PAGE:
Thursday, February 21, 2013

Return to Brewing with a Scottish 60/-

After taking almost 8 months off from brewing (which was not by intent but by real life getting in the way), I was finally able to dust off the brew kettles this past weekend and get a brewing session completed. Sadly, I’ve been planning this brewing sessions for 2 months but one excuse after another delayed it until I finally had a free Sunday to brew. But let's rejoice as the beer is now in the fermentor bubbling away!

I’m not sure why, but I’ve had an itch to brew a Scottish 60/-.  Its easy drinking style and a good excuse for some of my non-craft beer friends to try some homebrew. Plus, it’s a style I have not yet attempted, so I would be able to cross it off my To-Do Style List. The recipe itself (modified for what I had on hand) was from a Pro/Am beer done by homebrewer Nathan Smith and Triple Rock brewpub in the San Francisco areas. The beer was talked and raved about during the September 9th, 2012 episode of the Brewing Network’s Sunday Session, which locked my sights on that particular recipe.

On the brew day, it did not take me long to get back into the groove as it seems like much of the activity of brewing is like riding a bike. I overshot my gravity by a few points, which is somewhat normal for small beers (I need to bump up my efficiency for anything under 1.040). However, the biggest issue that battled me was the weather. Over the last 1-2 weeks, we’ve been battered by blizzards and snow. On this particular brew day, the wind was howling through backyard and made a mockery of the burner's attempt to bring the wort to a boil. After an hour and a half of sitting on the burner without a boil and the light fading from the sky, I ended up moving the entire brew kettle (wort and all) onto my kitchen's cooktop electric burner. Steeling myself against the complaints from my wife, I was able to get the wort boiling in the kitchen (albeit a gentle boil) and the brew day could continue.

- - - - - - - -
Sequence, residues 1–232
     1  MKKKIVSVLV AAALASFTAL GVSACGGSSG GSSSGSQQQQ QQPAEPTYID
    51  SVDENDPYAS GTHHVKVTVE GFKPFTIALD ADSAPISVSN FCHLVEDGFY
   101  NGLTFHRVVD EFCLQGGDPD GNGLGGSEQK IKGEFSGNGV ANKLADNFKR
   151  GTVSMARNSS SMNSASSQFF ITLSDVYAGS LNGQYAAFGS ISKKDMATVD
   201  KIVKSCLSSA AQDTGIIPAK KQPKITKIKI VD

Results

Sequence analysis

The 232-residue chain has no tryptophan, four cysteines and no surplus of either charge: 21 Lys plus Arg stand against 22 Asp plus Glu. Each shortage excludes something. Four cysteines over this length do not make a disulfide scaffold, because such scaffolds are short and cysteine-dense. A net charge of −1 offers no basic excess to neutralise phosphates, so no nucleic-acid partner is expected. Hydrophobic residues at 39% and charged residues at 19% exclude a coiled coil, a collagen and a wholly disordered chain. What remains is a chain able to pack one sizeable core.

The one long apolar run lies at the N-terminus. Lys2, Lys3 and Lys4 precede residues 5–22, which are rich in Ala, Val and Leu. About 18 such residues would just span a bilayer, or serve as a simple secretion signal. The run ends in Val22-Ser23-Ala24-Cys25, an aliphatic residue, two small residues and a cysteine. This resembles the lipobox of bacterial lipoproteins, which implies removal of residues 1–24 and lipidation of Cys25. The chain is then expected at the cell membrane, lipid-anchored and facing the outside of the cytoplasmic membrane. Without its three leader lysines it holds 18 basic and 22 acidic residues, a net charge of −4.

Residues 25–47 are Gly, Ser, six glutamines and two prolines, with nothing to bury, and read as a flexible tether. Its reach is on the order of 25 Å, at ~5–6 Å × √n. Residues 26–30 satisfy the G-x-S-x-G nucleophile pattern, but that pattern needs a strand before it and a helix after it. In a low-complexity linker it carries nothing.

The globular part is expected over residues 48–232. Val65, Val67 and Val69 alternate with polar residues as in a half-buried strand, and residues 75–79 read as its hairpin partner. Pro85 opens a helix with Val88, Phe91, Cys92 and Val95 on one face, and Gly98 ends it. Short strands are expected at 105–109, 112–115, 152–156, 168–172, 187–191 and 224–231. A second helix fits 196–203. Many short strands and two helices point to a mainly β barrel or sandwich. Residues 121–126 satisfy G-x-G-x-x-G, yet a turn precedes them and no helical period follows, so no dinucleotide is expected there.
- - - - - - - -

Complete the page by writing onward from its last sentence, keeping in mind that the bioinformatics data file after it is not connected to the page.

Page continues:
Based on the guidance given with the recipe, even though primary fermentation should be done within a few days, it was recommended to leave the beer for a full two weeks in the carboy to let it pull itself together. So while I’m anxious to get the beer on tap, its back to the waiting game for me.

Cold Loose Change
Style: Scottish Light 60/-
(recipe modified from Nathan Smith’s recipe described on 9/9/12 Sunday Session)

Recipe Specifics
Batch Size: 6.0 gal
Boil Size: 7.0 gal
Measured OG: 1.038 (Target: 1.034)
Measured FG: 1.008 (Target: 1.010)
Estimated SRM: 10.8
Estimated IBU: 16 (Rager)
ABV: 3.9% (Target: 3.3%)
Brewhouse Efficiency: 75% (should have been 80-85% to hit OG target)
Boil Time: 65 Min

Grain / Extract / Sugar
5.75 lbs Rahr US 2-Row Malt (this was supposed to be Maris Otter malt, but used 2-Row + 10% munich
as a substitute, which was a trick I heard during an interview with the brewer from Firestone Walker)
0.75 lbs GlobalMalt Munich Malt
6 oz Crystal 40 Malt
6 oz Crystal 120 Malt
2.5 oz Pale Chocolate Malt

0.5 oz Northern Brewer pellets (8.9% alpha) at 65 min.

30 drops of Foam Control in the boil

1 pack of US-05 dry yeast

Mash Schedule
Saccharification rest at 151-152 F for 60 minutes
Batch sparged twice with each sparge being 3 gallons of water (temp: 168-172 F)

Brewed on 2/17/ 2013 by JW

Mash Temps were intended to be in the 154 F range, but I left it at 151-152 F as I didn’t have any hot water ready to go at dough in.

OG was overshot because of my systems increased efficiency at low gravities – I was already over the target when I took the pre-boil measurement. Added 0.5 gallons of boiling water to the boil at 15 minutes to flameout to bring the volume back up to pre-boil volume.

Could not get the kettle to boil outside because of the cold and wind, so had to move it to kitchen’s burner. The boil was gentle as compared to what I normally get from the burner, so there is some concern that I did not drive everything off or that there was lower utilization.

The intent was a 60 minute boil, but I extended it by 5 minutes as the boil halted for 5 min when the water addition and immersion chiller were added with 15 minutes before flameout.

Oxygenation was accomplished with an O2 system and diffusion stone , run for 60 seconds.

Yeast was proofed in ~1 cup of boiled and chilled water (90 F).

Yeast was pitched at carboy was placed in chest freezer with setpoint set to 66 F. Signs of fermentation showed up ~18 hours after pitching.

Feb 27, 2012 - After 10 days of fermenting and the activity having been completed for several days, the beer was racked into a keg to be carbonated.  FG on the beer was 1.008, which was a few points than I would have liked.  The beer is light bodied, as would be expected, and there is a defined burnt sugar / chocolate malt character to the beer.  A little cold conditioning should do the beer well.



“I would kill everyone in this room for a drop of sweet beer”
-Homer Simpson

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